China will not be swayed by this pressure move. They don't like being bullied and have their own grievances with our economic polices, including US cases filed against China at the World Trade Organisation that they view as invalid and protectionist political moves.
China is aware of how to "win friends" in the US, as Reuters reports:
"The Chinese government kicked off a four-day US trade mission on Monday by signing six deals in Houston, with undisclosed US companies worth $600m, according to Chinese state media reports.
"The deals came a day before Chinese President Hu Jintao arrives in the United States for a visit being billed as the most important US-China summit since Deng Xiaoping's visit to Washington 30 years ago."
The future of our relations is not just dependent on what the leaders say or agree on at summits. China is wary of US military power encircling them. They are being forced to spend more money than they want to on naval ships and stealth planes. This is a country that grew up with Mao's dictum that "political power grows out of the barrel of a gun".
The future of US-China relations
As the Telegraph noted recently, "on virtually all the main issues that separate the two nations, [China] seems intransigent and uncompromising. The sense of threat is heightened by the fact that, while America is gripped by economic, social and political self-doubt, the Chinese have never been more certain of their ascendancy."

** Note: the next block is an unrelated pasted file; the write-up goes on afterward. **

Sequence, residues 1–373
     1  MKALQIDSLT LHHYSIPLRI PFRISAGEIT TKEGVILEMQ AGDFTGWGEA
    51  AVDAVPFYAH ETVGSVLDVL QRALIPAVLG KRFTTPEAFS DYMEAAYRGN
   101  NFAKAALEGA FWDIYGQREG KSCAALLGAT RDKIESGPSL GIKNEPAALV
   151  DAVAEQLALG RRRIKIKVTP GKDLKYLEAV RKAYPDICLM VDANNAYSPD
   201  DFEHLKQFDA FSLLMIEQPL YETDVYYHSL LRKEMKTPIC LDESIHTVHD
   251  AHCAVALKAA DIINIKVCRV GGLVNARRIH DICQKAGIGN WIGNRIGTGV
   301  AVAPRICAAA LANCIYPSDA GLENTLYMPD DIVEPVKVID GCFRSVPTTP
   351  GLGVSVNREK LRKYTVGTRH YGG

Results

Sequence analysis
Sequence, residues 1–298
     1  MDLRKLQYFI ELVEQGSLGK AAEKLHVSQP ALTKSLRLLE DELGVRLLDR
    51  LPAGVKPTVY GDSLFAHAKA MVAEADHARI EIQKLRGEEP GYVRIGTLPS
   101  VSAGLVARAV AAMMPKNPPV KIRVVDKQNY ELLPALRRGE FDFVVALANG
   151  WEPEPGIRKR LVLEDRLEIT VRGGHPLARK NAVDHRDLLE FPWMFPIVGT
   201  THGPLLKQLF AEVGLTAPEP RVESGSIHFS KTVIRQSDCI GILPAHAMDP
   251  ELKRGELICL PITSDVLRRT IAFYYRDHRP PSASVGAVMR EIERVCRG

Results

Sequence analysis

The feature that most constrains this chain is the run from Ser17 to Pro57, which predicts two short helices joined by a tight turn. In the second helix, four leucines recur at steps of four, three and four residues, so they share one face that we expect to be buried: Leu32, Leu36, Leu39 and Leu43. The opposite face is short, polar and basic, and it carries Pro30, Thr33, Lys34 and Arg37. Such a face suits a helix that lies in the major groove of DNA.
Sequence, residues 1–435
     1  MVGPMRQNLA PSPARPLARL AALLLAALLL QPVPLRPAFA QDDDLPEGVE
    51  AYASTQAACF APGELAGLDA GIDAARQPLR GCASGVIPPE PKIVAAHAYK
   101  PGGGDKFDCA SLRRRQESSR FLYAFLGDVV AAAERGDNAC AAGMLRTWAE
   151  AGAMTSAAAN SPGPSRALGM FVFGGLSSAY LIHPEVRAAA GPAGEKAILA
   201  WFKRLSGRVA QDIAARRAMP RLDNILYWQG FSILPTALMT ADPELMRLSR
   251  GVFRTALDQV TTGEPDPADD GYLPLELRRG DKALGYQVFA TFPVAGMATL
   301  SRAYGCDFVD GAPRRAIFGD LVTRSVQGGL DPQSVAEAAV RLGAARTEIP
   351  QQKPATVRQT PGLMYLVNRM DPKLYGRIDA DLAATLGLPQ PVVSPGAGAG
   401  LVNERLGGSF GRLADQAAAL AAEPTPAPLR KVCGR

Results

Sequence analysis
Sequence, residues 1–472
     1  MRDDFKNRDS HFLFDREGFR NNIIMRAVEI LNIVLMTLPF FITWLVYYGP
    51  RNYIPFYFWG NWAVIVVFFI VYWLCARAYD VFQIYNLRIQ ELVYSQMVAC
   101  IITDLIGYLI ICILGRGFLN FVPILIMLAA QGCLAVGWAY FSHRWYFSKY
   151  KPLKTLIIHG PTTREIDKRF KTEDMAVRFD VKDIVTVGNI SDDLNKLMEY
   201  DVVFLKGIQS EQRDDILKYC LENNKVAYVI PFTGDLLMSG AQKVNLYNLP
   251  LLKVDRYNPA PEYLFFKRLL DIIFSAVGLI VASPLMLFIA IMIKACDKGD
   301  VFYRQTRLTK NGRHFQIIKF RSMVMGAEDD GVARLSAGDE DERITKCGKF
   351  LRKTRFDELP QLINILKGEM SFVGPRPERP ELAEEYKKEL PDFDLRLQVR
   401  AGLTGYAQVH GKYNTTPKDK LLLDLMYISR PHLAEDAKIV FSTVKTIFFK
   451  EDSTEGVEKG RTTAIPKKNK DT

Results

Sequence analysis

It may be that both countries are shakier than we think. There may be no economic recovery in the United States for five years while some hedge funds fear that "China is a bubble close to bursting". Another article in the Telegraph reports, "The world is looking to China as a springboard out of recession - but some hedge funds are betting the country's credit and growth levels cannot be sustained."
So far, neither Washington nor Beijing has realized the apocalyptic projections of their many critics. Both states at least pay lip service to their ideals.
The US says it wants more democracy in China, but its officials like Tim Geithner are upset by the debates taking place there, and pine for the days when they could deal with a dictator like Mao or Deng who, as the New York Times explained, "commanded basically unquestioned authority … Our leaders prefer dealing with that type of authority and wish they had it here."
Back in Beijing, in the shabby Petition Villages where Chinese citizens soldier on in their fight for justice - or in the US, where citizens are frustrated and angry with an economic crisis that appears to have no end - no one will expect much from this summit in faraway Washington, where diplomatic dances produce just smiles.
Danny Schechter edits Mediachannel.org. He directed Plunder - The Crime of Our Time, a film on DVD about the financial crisis.
The views expressed in this article are the author's own and do not necessarily reflect Al Jazeera's editorial policy.